Natural foods grocer Whole Foods Market (WFM) had a smattering of good and bad news in its third-quarter earnings Wednesday, though based on the reaction of Whole Foods stock, you’d have thought the report was lopsided to the downside.
Whole Foods earnings came in at 32 cents per share vs. the estimated 31 cents, and 7% higher from the same quarter last year. WFM revenue was reported at $2.98 billion, which was short of the estimated $3.04 billion by analysts, but still improved at 2% year-over-year.
Now to the nasty part: Whole Foods also lowered its fiscal year 2014 earnings guidance from an initial range of $1.69-1.72 per share to a new range of $1.65-1.69. All the while, analysts had their estimates at $1.73. Although WFM did try to inspire some confidence with its announcement of an additional $500 million to its stock buyback plan, investors didn’t want to hear any of it and sold the stock to the tune of 11%.
A little more than two weeks ago, I warned about how the overbought state and steep slope of Whole Foods stock made it a less-than-favorable candidate on the long side, particularly heading into the company’s earnings announcement. On the multiyear chart, Whole Foods stock at the time had reached, and marginally exceeded the upper end of its multiyear uptrending channel — something it hadn’t done since October 2012. While at the upper end of this trading range, WFM also was trading roughly 27% above its 200-day simple moving average, and thus historically extended by this measure as well.
Thursday’s post-earnings selloff in WFM has now brought the stock right back down into the middle of the longer-term trading range, which through this lens is thus far just constructive consolidation in price, or necessary mean-reversion.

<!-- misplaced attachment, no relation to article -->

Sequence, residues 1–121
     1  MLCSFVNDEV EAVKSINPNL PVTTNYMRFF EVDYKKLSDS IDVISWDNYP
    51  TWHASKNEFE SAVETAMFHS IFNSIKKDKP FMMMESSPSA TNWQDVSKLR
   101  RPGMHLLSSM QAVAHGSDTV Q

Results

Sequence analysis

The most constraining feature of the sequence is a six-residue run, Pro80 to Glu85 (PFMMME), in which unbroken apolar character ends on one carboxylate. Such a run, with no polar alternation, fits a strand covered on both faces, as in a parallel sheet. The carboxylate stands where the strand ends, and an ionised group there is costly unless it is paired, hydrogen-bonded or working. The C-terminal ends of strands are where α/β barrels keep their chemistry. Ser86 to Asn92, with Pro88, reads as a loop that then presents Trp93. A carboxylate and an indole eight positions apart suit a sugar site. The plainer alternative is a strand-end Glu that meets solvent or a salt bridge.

On the daily charts, Thursday’s selloff came on a huge spike in volume — something that is to be fully expected given WFM’s steep incline into earnings and the gap-down in price action Thursday morning. Whole Foods stock did, however, settle the day right at a confluence area of support made up of its 100-day SMA (blue line) and horizontal support, i.e. previous resistance until mid-September, around the $57 area.
Given the big-volume selloff, odds don’t yet favor a trade in either direction.
Traders should let Whole Foods stock settle some and let emotions relax. Should WFM shares continue to fall in coming weeks, a next area of support is close to the $51-$52 area, which is made up of the 200-day SMA and next lateral support.
Learn more about the strategies Serge Berger uses to create profits in the market every day. Download his trading plan in the “Essence of Swing Trading” eBook by clicking here. At the time of publication, Berger had no positions in the securities mentioned.